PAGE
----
HPV in Head and Neck Cancer

What is human papillomavirus?

Human papillomavirus, abbreviated as ‘HPV’, is a very common virus that will infect the majority of people at some point in their life. It can affect the skin and the moist membranes that line certain parts of the body in several areas, including the:

  • Mouth and throat
  • Anus
  • Cervix
  • Penile
  • Vagina
  • Vulva

Over 100 different types of HPV have been identified, with each type known by a number. Some types of HPV have been linked to non-cancerous lesions, but other types are known to cause cancer. For many people, HPV infections come and go without any symptoms. In fact, the virus may remain inactive for months without any symptoms; if you do not get rid of the infection you may develop cancer. However, most people clear the virus without even knowing it, and as such, the probability of developing cancer is low.

What is the link between HPV and cancer?

Some types of HPV, known as ‘high-risk’ HPVs, are known to increase the risk of developing particular types of cancer, including anal, cervical, penile, vulva, vaginal and head and neck cancers. Recent estimates suggest that over 5% of all cancers are attributed to HPV. HPV can cause cancers in the back of the throat, the base of the tongue, and the tonsils, which is an area known as the oropharynx. These cancers are called oropharyngeal cancers and are part of the group known as head and neck cancers. It is estimated that about every year 45,000 new head and neck cancer cases can be attributed to HPV infection worldwide.

The type of HPV most widely linked to cancer is HPV-16; it is accountable for 50-60% of cervical cancers and 80-90% of non-cervical cancers, such as head and neck cancers. Other types of high-risk HPVs linked to head and neck cancers are HPV-18, 31 and 33, but these are much rarer than HPV-16.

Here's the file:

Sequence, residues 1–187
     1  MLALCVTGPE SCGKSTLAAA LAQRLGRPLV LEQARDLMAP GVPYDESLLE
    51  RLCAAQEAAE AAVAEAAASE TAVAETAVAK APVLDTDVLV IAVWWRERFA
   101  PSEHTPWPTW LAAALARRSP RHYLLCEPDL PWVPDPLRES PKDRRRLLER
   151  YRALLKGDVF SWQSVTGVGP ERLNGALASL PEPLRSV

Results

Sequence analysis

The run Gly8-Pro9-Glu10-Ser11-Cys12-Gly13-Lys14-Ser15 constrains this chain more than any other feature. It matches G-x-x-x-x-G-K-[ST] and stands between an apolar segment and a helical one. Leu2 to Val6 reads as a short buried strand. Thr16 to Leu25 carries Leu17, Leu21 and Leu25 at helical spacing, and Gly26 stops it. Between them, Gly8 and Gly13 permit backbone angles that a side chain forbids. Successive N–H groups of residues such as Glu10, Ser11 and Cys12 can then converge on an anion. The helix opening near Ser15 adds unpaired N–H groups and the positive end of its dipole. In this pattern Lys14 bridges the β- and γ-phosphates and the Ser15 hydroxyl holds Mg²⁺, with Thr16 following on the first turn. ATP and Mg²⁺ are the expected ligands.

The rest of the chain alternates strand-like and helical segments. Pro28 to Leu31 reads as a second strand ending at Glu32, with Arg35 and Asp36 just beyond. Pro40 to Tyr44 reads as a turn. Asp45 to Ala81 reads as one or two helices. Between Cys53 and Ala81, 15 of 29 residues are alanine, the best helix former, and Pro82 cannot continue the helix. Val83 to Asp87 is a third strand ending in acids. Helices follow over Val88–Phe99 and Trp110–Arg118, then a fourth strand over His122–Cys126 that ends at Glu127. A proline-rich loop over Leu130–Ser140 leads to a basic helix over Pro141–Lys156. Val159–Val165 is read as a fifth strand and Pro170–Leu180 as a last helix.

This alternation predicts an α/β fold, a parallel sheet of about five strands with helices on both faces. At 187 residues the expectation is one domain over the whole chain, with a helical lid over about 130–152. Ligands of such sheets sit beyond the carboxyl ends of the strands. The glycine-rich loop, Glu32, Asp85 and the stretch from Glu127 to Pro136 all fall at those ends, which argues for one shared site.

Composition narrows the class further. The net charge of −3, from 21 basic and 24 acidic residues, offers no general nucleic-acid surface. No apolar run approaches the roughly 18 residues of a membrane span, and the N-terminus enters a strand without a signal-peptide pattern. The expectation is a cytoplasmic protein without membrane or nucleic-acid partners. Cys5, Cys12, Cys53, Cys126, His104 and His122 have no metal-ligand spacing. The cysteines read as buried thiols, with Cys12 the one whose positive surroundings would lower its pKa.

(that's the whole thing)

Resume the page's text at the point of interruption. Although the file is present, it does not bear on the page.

How common are HPV-related head and neck cancers?

The incidence of HPV-related head and neck cancer is increasing quickly worldwide. Patients with HPV-related head and neck cancer are generally younger, in good health, and may not have a typical history of tobacco and/or alcohol abuse. Worldwide it is estimated that of all patients with oropharyngeal cancer, HPV is responsible in 18.5%-90%. The range worldwide varies due to cultural differences, range in medical practice standards and diagnosis rates per country.

New research has identified a link between HPV-related head and neck cancer and sexual behaviour. While HPV can be transmitted after just one sexual encounter, the risk increases with the number of sexual partners a person has.

Can I be vaccinated against HPV?

There are currently three vaccines available that provide protection against a number of types of HPV—Cervarix®, Gardasil®, and Gardasil 9®. These vaccines are currently recommended for both males and females, aged between 11 and 12 years old, to provide protection against a number of diseases caused by HPV, including cervical and head and neck cancers. Please note: vaccination recommendations vary according to country. Please contact your local physician for more information. All three approved vaccines target HPV-16, which is responsible for approximately 90% of head and neck cancers. All HPV vaccines are currently preventative and are not effective in treating the infection once cancer has been established.

In recent years, HPV vaccination has become an established medical practice; however, further studies will be required to confirm whether vaccines have been effective in preventing HPV-related head and neck cancers.  

What does the future hold?

While vaccination is a step forward in providing protection against HPV, there are still a number of people who do not receive the vaccine and remain unprotected.

Moving forward, research will focus on developing new vaccines that not only prevent infection, but also treat people with HPV-related cancers. Researchers have also found that patients diagnosed with HPV-related head and neck cancers tend to respond better to certain treatments than those who are not infected with HPV. Trials are currently underway to investigate whether HPV-infected head and neck cancer patients can receive a less intensive treatment which is equally effective but carries fewer side effects.

Additionally, counselling and counselling techniques are being investigated as they are important for the treatment and ongoing support of patients.